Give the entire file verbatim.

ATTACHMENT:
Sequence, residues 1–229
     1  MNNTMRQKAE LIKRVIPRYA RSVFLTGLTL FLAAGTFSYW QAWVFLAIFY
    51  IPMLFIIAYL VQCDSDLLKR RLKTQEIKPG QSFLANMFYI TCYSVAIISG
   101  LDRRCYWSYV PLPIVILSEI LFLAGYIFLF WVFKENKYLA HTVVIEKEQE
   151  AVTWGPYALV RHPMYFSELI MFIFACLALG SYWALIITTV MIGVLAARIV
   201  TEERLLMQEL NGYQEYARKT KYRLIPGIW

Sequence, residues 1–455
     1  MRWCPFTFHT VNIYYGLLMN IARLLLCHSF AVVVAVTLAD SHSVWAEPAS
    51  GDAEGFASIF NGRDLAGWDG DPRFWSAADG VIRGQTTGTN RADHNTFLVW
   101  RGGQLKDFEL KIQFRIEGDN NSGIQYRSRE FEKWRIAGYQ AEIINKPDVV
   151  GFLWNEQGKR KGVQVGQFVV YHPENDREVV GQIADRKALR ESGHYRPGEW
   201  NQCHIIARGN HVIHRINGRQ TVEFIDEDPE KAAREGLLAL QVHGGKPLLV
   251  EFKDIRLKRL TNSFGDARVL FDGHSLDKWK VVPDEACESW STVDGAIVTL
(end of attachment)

Sequence, residues 1–229
     1  MNNTMRQKAE LIKRVIPRYA RSVFLTGLTL FLAAGTFSYW QAWVFLAIFY
    51  IPMLFIIAYL VQCDSDLLKR RLKTQEIKPG QSFLANMFYI TCYSVAIISG
   101  LDRRCYWSYV PLPIVILSEI LFLAGYIFLF WVFKENKYLA HTVVIEKEQE
   151  AVTWGPYALV RHPMYFSELI MFIFACLALG SYWALIITTV MIGVLAARIV
   201  TEERLLMQEL NGYQEYARKT KYRLIPGIW

Sequence, residues 1–455
     1  MRWCPFTFHT VNIYYGLLMN IARLLLCHSF AVVVAVTLAD SHSVWAEPAS
    51  GDAEGFASIF NGRDLAGWDG DPRFWSAADG VIRGQTTGTN RADHNTFLVW
   101  RGGQLKDFEL KIQFRIEGDN NSGIQYRSRE FEKWRIAGYQ AEIINKPDVV
   151  GFLWNEQGKR KGVQVGQFVV YHPENDREVV GQIADRKALR ESGHYRPGEW
   201  NQCHIIARGN HVIHRINGRQ TVEFIDEDPE KAAREGLLAL QVHGGKPLLV
   251  EFKDIRLKRL TNSFGDARVL FDGHSLDKWK VVPDEACESW STVDGAIVTL